To start off, the specific word usage that Wayman chose to use gives off the impression that poets have their drawbacks. Not once throughout the poem does he put in a positive word for the poet. In order to look at the figurative meaning of the poem we should look at the literal meaning of the text. For instance, “Cannot recognize visual absurdities” (Wayman, line 10). This quite literally means that the poet has trouble recognizing or simply cannot recognize anything that is absurd visually.
In this grand poem, Whitman glorifies the unity of all people and life. He embraces the geographical diversity as well as the diversity of culture, work, as well as sexuality or beliefs. Whitman’s influence sets American dreams of freedom, independence, and self-fulfillment, and changes them for larger spiritual meaning. Whitman appreciates hard work as well as being simple and non-egotistical. His major ideas are things such as soul, good health, as well as the love of nature.
Although this poem does not relate to death or any other of his poems in any way, it adds to Whitman’s unique style point of view. Basically this poem is about the American spirit/Patriotism in all forms from the people of his society based upon his perspective. An example that proves this viewpoint is when he writes “Those of mechanics, each one singing his as it should be blithe and strong, /The carpenter singing his as he measures his plank or beam,/The mason singing his as he makes ready for work, or leaves off work” (Whitman 3-4). This quote represents the American patriotism that he is trying to display in his poem. Lastly, the poem is also trying to convey the message of the American dream by showing how the people of this country are happy and patriotic about what they are
In Walt Whitman’s “By the Bivouac’s Fitful Flame” we see the poem being narrated from the perspective of a soldier in war who is settled on the floor as a procession winds around him. This soldier has experienced horrifying events from the battles and has lost many things because of it; nevertheless he continues the fight and soothes himself with thoughts of his loved. Whitman uses the word procession three different times in this poem and they all refer to the same type of procession because of the homogeneous terms he uses to describe each, because of the events he describes around him and his reference to the procession as thoughts. They all refer to the same procession because of the almost identical terms he uses to describe each. The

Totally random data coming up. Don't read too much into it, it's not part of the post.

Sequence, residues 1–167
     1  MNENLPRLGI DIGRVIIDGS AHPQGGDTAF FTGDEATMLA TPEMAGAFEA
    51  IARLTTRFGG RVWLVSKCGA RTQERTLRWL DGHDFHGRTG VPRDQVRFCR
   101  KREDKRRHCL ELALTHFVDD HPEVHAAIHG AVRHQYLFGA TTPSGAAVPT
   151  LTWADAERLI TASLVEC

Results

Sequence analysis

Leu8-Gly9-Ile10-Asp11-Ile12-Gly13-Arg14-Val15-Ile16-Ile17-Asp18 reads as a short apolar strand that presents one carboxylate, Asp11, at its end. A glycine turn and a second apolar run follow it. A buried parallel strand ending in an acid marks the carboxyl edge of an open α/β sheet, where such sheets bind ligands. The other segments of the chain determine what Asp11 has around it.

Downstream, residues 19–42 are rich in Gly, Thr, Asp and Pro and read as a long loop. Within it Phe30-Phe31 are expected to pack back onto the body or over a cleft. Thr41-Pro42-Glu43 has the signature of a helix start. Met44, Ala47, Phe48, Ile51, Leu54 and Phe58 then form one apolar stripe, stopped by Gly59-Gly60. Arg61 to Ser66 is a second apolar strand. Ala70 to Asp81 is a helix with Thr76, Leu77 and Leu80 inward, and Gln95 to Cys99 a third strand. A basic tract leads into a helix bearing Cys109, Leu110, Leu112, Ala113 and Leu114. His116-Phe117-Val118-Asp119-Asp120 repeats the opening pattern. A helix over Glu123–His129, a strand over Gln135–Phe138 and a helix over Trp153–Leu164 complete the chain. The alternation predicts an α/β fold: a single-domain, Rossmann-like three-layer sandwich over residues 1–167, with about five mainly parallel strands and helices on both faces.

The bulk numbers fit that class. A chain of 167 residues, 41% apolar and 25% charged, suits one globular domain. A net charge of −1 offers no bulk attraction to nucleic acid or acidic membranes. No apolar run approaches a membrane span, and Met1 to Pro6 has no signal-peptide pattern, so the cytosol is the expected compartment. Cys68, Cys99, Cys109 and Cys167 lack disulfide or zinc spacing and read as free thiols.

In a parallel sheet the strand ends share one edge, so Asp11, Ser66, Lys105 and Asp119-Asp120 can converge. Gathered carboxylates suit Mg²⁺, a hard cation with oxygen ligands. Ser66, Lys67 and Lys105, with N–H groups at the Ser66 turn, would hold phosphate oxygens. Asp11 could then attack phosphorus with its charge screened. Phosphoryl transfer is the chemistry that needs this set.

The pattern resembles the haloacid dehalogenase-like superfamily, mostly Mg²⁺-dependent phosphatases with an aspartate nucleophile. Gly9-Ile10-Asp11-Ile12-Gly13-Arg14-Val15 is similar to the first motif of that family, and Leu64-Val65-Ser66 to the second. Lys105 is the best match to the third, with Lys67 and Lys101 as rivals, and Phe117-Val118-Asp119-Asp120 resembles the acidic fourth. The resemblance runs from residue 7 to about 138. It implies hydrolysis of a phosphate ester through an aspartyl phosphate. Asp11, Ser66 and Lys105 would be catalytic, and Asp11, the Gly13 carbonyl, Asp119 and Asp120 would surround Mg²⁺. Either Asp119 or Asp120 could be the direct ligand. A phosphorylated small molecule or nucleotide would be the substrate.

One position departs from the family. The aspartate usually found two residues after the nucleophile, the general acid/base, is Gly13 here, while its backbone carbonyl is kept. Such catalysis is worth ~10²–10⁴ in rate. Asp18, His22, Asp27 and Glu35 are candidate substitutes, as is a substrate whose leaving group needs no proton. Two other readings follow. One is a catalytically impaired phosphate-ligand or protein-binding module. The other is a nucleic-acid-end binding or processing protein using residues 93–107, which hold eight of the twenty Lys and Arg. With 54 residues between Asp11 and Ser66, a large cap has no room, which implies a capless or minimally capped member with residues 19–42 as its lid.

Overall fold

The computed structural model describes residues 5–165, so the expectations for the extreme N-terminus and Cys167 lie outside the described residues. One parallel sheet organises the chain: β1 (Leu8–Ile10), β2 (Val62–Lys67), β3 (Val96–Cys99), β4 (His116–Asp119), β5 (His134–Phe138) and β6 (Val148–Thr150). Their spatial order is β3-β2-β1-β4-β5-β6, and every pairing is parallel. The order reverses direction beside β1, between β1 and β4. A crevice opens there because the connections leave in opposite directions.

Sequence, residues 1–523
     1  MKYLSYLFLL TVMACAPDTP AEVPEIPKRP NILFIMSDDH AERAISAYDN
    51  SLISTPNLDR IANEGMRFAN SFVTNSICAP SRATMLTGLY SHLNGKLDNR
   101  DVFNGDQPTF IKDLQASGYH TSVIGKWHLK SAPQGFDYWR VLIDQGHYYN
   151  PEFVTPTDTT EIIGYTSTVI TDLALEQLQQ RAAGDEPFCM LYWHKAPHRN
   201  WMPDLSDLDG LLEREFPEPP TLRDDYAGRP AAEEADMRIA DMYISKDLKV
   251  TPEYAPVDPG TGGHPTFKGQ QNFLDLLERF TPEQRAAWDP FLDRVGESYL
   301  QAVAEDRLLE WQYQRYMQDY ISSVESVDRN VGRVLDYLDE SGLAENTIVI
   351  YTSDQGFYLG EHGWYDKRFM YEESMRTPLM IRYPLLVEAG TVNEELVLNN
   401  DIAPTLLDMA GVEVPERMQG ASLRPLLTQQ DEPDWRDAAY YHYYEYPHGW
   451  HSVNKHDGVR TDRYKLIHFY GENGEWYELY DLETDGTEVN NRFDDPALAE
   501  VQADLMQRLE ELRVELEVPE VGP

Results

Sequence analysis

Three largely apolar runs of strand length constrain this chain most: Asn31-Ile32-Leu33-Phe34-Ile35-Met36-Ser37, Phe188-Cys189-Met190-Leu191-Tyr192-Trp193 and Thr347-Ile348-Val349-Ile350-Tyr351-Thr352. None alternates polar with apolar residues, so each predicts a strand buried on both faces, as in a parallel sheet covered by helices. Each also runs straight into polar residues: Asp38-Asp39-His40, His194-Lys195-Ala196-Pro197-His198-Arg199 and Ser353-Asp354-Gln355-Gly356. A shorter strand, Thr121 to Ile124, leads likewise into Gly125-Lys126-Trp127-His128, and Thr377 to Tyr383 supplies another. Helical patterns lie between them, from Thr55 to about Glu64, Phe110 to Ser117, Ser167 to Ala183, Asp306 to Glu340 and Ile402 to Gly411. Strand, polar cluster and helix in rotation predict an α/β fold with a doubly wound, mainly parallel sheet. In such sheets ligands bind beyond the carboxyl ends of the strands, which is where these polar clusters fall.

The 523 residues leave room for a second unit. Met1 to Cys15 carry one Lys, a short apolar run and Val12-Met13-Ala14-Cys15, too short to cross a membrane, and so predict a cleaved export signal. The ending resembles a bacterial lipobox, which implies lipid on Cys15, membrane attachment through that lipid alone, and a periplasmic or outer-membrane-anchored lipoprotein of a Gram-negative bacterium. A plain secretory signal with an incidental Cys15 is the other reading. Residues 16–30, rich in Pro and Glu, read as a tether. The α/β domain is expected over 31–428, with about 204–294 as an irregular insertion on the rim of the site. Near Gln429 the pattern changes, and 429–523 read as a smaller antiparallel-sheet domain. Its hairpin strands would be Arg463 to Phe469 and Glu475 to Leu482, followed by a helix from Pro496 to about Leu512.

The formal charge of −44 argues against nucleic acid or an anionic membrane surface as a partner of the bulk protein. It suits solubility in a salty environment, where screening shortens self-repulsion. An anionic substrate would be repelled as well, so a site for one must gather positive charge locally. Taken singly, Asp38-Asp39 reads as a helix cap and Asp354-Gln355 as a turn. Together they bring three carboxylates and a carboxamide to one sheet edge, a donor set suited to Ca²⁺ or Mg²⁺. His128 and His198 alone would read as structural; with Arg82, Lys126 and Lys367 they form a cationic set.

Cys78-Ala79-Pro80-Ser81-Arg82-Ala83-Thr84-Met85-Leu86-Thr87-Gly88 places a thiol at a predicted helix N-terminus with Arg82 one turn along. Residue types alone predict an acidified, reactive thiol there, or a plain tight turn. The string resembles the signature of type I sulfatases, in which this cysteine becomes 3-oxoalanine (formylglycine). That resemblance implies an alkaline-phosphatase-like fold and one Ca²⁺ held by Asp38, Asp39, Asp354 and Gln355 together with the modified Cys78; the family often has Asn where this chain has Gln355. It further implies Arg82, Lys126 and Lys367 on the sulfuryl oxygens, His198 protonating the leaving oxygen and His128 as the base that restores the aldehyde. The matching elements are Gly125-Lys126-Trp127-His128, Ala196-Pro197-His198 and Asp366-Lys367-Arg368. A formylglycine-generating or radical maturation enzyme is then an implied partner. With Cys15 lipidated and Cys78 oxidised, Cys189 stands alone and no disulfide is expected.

The wish to reach people is clear for both Whitman and Douglass. Whitman states throughout his poem that he is the voice of the world and also gives a sense of preaching and utters his feelings for all to hear him, in the first verse of “Song of Myself” he writes: “I celebrate myself, and sing myself, And what I assume, you shall assume, For every atom belonging to me as good belongs to you" (p. 1024 Baym & Levine S., 2013) By doing this Whitman introduces himself and at the same time identifies with the reader. He also states that he should be celebrated not only by himself, but also by the reader because they are the same. He also gives off a feeling that his writing is true and good, we get the feeling he is one of us and at the same time a poet. This leads to comparing Whitman with a preacher or public speaker of some sort, he wishes to be
In the beginning of the poem written by Millay, she talks about the changes between the woman's past and present, “pity me not for beauties passed away/from field and thicket as the year goes by” (Lines 3-4). These two lines are meant to show that the wife knows her husband no longer sees her as a beautiful wife, but she does not want anyone to feel bad for her because each year that goes by, she ages and that is something she can not stop from happening. This is the first sign that she is heartbroken but too humble to let other people feel her pain. A few lines later in the poem Millay explains what is already assumed by the reader, “Nor that a man’s desire is hushed so soon,/and you no longer look with love on me” (7-8). The spouse does not desire to be with his wife anymore.